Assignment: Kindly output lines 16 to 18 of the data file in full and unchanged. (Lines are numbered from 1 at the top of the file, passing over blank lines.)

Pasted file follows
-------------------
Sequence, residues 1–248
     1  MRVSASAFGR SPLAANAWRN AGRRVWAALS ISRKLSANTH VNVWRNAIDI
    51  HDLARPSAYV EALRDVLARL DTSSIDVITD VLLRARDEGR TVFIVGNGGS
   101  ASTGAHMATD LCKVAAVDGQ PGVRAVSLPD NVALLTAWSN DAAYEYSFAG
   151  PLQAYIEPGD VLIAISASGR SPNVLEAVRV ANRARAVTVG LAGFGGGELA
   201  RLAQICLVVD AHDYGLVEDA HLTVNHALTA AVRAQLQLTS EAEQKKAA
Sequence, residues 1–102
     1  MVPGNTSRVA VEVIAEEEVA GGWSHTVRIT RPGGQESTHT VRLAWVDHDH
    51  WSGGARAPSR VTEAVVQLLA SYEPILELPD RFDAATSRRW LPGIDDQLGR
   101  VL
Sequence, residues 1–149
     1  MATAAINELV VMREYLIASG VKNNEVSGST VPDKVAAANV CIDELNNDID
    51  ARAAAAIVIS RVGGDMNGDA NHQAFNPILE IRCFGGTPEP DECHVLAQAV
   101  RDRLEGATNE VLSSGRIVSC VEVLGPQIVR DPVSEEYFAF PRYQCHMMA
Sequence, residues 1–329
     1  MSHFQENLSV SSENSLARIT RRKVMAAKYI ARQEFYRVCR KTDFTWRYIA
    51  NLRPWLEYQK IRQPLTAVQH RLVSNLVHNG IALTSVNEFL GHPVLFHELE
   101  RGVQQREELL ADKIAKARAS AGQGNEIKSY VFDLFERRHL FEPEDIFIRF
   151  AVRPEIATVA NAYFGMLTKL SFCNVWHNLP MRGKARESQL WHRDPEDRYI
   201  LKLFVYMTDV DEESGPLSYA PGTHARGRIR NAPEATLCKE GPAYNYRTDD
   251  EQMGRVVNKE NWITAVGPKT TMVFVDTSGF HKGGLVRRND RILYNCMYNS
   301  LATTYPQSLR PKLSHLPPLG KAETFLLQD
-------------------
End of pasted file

     1  MSHFQENLSV SSENSLARIT RRKVMAAKYI ARQEFYRVCR KTDFTWRYIA
    51  NLRPWLEYQK IRQPLTAVQH RLVSNLVHNG IALTSVNEFL GHPVLFHELE
   101  RGVQQREELL ADKIAKARAS AGQGNEIKSY VFDLFERRHL FEPEDIFIRF